Vodafone Group and multimedia company NOS have signed an agreement to provide and share a fibre-to-the-home (FtTH) network that will reach around 2.6 million homes and businesses in Portugal. The partnership also includes mobile infrastructure, including at least 200 cell towers. Although Vaz calls the NOS connection a «historic agreement», Vodafone seems to have gained some experience with this type of frequency-exclusive network sharing agreement in the UK through the introduction of Moran (Multi-Operator Radio Access Network) technology (Vodafonewatch, #183). Both expect to connect new customers under the agreement from the beginning of the 2018 calendar year. Vodafone Portugal and NOS today signed a landmark agreement on the national sharing of mobile assets, which will enable faster and more efficient development of mobile networks across the country. Unlike full-fledged network sharing agreements, MORAN does not involve spectrum sharing, which would mean abandoning independence and autonomous decision-making. Everything else in the RAN – the antenna, tower, location and power supply – is always shared in a MORAN environment. Vodafone Portugal (VfP) has signed a «national» network sharing agreement with rival operator NOS. The agreement has been in turmoil for some time. The two operators signed a memorandum of understanding in February 2020 to pool their mobile infrastructure resources to «develop a sustainable investment model» (Vodafonewatch, No.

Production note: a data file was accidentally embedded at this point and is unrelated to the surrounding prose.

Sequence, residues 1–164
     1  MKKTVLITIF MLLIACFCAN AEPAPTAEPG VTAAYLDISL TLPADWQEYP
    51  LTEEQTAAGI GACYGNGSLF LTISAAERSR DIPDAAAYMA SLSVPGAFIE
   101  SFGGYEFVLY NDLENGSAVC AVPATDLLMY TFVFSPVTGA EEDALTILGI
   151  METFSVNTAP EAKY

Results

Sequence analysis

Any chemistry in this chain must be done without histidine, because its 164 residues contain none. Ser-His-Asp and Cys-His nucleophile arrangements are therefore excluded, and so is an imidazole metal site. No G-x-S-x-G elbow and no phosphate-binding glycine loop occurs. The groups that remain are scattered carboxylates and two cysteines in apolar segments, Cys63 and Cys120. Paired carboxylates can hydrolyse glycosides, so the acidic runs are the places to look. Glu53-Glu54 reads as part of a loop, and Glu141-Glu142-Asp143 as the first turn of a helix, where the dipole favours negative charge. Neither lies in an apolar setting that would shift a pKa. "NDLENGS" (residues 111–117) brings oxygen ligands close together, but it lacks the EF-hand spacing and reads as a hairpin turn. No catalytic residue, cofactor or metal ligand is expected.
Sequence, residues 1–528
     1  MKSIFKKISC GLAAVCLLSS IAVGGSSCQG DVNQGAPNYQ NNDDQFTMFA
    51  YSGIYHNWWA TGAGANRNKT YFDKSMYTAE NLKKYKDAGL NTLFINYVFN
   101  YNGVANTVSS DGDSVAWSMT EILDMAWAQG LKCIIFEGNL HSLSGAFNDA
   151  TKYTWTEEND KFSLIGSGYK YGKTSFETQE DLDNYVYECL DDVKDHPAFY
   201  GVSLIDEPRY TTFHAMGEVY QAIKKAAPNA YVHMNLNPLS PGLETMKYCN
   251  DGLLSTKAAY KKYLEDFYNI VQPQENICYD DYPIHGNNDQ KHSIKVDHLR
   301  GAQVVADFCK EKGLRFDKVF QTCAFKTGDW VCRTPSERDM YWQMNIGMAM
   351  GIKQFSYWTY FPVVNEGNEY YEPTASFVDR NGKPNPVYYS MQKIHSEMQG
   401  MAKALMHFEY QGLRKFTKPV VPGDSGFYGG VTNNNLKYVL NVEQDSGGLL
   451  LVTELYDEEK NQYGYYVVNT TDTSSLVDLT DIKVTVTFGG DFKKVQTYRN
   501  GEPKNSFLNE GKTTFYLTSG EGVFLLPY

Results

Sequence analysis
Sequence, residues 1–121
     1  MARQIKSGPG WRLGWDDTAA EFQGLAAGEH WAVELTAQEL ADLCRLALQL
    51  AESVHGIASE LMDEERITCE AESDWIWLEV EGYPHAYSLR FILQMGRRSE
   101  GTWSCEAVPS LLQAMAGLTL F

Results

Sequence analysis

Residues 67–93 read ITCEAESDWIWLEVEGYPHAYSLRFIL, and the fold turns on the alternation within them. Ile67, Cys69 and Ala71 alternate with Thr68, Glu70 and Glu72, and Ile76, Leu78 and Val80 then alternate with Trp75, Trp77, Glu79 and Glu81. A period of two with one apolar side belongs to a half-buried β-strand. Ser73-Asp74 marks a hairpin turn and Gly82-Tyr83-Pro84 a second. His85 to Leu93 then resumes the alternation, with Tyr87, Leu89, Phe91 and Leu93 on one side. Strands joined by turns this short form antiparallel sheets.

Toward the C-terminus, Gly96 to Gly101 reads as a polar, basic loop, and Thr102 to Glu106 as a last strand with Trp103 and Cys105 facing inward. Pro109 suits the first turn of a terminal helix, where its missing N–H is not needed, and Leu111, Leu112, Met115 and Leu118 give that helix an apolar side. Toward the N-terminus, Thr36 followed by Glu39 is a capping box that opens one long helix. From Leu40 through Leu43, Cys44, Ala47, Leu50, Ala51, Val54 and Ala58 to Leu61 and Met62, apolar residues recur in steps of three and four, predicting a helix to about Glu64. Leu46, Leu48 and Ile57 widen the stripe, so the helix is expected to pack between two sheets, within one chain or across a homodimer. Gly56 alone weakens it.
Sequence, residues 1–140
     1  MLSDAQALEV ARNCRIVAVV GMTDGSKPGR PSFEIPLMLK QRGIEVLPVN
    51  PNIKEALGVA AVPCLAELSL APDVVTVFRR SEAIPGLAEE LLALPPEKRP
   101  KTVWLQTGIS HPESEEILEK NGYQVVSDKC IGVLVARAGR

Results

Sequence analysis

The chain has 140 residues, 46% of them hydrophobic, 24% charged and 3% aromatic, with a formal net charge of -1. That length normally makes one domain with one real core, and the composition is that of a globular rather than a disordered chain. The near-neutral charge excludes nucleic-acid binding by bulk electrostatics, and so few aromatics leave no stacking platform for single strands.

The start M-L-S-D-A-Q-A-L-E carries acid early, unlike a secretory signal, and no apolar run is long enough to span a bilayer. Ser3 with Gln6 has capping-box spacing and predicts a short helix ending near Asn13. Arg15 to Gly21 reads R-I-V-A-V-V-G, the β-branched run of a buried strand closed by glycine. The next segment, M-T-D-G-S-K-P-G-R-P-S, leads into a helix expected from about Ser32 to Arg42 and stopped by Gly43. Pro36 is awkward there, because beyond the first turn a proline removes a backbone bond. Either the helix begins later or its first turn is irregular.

183). In densely populated places, usually large urban agglomerations, network sharing is likely to be passive rather than active. According to the official statement, the two operators «will explore increased synergies in sharing the mobile network support infrastructure and host their active equipment on these infrastructures.» Operators have signed various agreements to share infrastructure and mobile equipment, covering already existing 2G, 3G and 4G technologies. 5G will depend on the outcome of the auction. The agreements focus on assets currently owned by Nos and Vodafone or that will be owned by Nos and Vodafone in the future, as well as existing 2G, 3G and 4G technologies. «The inclusion of 5G technology in these agreements will depend on the independent decision of each operator whether or not to use this technology,» Nos points out. This agreement comes at a particularly critical stage for the country and poses a challenge for the sector. Critical, because the resilience of the economy and society in general increases the pressure on telecommunications networks. Difficult due to the pressure and significant investment required by operators.